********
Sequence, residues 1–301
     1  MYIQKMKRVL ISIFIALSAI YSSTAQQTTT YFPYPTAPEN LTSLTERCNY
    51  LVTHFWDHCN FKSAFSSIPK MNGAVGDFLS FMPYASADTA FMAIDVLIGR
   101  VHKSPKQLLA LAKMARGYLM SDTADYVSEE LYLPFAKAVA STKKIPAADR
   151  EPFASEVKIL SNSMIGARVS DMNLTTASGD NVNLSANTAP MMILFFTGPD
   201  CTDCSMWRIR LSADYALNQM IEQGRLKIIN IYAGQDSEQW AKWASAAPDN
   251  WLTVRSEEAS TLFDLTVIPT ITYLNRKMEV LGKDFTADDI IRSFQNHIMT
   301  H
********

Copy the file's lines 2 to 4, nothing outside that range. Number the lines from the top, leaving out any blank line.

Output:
     1  MYIQKMKRVL ISIFIALSAI YSSTAQQTTT YFPYPTAPEN LTSLTERCNY
    51  LVTHFWDHCN FKSAFSSIPK MNGAVGDFLS FMPYASADTA FMAIDVLIGR
   101  VHKSPKQLLA LAKMARGYLM SDTADYVSEE LYLPFAKAVA STKKIPAADR